Dexamethasone and tocilizumab treatment considerably reduces the value of C-reactive protein and procalcitonin to detect secondary bacterial infections in COVID-19 patients

Link to article at PubMed

Crit Care. 2021 Aug 5;25(1):281. doi: 10.1186/s13054-021-03717-z.


BACKGROUND: Procalcitonin (PCT) and C-reactive protein (CRP) were previously shown to have value for the detection of secondary infections in critically ill COVID-19 patients. However, since the introduction of immunomodulatory therapy, the value of these biomarkers is unclear. We investigated PCT and CRP kinetics in critically ill COVID-19 patients treated with dexamethasone with or without tocilizumab, and assessed the value of these biomarkers to detect secondary bacterial infections.

METHODS: In this prospective study, 190 critically ill COVID-19 patients were divided into three treatment groups: no dexamethasone, no tocilizumab (D-T-), dexamethasone, no tocilizumab (D+T-), and dexamethasone and tocilizumab (D+T+). Serial data of PCT and CRP were aligned on the last day of dexamethasone treatment, and kinetics of these biomarkers were analyzed between 6 days prior to cessation of dexamethasone and 10 days afterwards. Furthermore, the D+T- and D+T+ groups were subdivided into secondary infection and no-secondary infection groups to analyze differences in PCT and CRP kinetics and calculate detection accuracy of these biomarkers for the occurrence of a secondary infection.

RESULTS: Following cessation of dexamethasone, there was a rebound in PCT and CRP levels, most pronounced in the D+T- group. Upon occurrence of a secondary infection, no significant increase in PCT and CRP levels was observed in the D+T- group (p = 0.052 and p = 0.08, respectively). Although PCT levels increased significantly in patients of the D+T+ group who developed a secondary infection (p = 0.0003), this rise was only apparent from day 2 post-infection onwards. CRP levels remained suppressed in the D+T+ group. Receiver operating curve analysis of PCT and CRP levels yielded area under the curves of 0.52 and 0.55, respectively, which are both markedly lower than those found in the group of COVID-19 patients not treated with immunomodulatory drugs (0.80 and 0.76, respectively, with p values for differences between groups of 0.001 and 0.02, respectively).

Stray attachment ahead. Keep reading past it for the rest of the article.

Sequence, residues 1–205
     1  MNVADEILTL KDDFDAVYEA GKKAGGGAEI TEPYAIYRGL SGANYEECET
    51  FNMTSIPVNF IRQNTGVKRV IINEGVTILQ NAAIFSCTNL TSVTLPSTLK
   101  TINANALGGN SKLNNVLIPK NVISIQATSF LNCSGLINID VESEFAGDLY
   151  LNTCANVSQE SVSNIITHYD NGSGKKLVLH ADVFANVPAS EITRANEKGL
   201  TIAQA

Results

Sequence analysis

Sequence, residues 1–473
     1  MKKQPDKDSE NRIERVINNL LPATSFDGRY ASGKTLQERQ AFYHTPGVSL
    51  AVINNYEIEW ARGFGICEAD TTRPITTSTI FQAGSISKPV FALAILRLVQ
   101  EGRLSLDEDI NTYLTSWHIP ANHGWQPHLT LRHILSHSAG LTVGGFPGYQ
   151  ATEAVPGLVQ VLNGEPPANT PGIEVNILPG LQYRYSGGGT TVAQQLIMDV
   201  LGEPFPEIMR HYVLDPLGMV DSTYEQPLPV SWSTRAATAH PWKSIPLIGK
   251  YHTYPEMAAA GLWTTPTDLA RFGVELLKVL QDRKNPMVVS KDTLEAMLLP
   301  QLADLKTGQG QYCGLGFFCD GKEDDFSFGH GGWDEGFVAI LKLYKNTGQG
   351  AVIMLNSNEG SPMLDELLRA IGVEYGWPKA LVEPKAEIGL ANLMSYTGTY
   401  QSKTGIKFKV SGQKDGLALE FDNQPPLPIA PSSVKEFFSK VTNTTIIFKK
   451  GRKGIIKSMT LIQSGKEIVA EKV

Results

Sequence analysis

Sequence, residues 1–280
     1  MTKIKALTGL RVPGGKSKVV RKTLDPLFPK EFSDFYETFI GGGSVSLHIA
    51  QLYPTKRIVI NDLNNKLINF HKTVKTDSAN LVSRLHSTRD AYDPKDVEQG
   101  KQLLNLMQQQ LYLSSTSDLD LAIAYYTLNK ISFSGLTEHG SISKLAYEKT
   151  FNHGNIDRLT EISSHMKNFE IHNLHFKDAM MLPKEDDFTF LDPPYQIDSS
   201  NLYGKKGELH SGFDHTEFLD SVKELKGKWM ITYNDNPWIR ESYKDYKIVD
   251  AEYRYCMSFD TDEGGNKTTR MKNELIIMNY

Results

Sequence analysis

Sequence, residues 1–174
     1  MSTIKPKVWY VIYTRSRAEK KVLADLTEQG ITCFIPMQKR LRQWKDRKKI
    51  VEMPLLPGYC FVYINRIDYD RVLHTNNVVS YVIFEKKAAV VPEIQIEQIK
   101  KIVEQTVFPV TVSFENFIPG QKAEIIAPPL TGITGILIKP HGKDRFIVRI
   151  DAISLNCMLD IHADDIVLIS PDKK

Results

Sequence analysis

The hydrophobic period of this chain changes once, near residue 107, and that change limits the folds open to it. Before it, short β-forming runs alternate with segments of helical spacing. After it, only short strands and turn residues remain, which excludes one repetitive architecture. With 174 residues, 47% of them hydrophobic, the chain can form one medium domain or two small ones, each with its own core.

CONCLUSIONS: Cessation of dexamethasone in critically ill COVID-19 patients results in a rebound increase in PCT and CRP levels unrelated to the occurrence of secondary bacterial infections. Furthermore, immunomodulatory treatment with dexamethasone and tocilizumab considerably reduces the value of PCT and CRP for detection of secondary infections in COVID-19 patients.

PMID:34353339 | PMC:PMC8340482 | DOI:10.1186/s13054-021-03717-z

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